Then Nate took the 50 least educated large counties.

These results are every bit as striking: Clinton lost ground relative to Obama in 47 of the 50 counties — she did an average of 11 percentage points worse, in fact. These are really the places that won Donald Trump the presidency, especially given that a fair number of them are in swing states such as Ohio and North Carolina
. He improved on Mitt Romney’s margin by more than 30 points (!) in Ashtabula County, Ohio, for example, an industrial countyalong Lake Erie that hadn’t voted Republican since 1984.

And this is also a reasonably diverse list of counties. While some of them are poor, a few others — such as Bullitt County, Kentucky, and Terrebonne Parish, Louisiana — have average incomes. There’s also some racial diversity on the list: Starr County, Texas, is 96 percent Hispanic, for example, and Clinton underperformed Obama there (although she still won it by a large margin). Edgecombe County, North Carolina, is 57 percent black and saw a shift toward Trump.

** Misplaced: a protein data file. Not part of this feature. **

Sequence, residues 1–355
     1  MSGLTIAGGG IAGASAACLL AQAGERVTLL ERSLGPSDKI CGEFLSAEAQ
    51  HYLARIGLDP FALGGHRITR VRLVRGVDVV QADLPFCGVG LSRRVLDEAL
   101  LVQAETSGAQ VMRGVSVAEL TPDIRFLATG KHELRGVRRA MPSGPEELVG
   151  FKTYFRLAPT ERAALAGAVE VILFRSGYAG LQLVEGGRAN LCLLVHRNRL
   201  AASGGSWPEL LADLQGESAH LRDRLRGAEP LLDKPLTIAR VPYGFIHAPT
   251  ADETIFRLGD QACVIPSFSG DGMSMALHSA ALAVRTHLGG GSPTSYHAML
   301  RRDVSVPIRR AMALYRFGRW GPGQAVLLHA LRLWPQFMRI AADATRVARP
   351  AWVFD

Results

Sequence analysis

How do we know that education levels drove changes in support — as opposed to income levels, for example? It’s tricky because there’s a fairly strong correlation between income and education.4 Nonetheless, with the whole country to pick from, we can find some places where education levels are high but incomes are average or below average. If education is the key driver of changes in the electorate, we’d expect Clinton to hold steady or gain in these counties. If income matters more, we might see her numbers decline.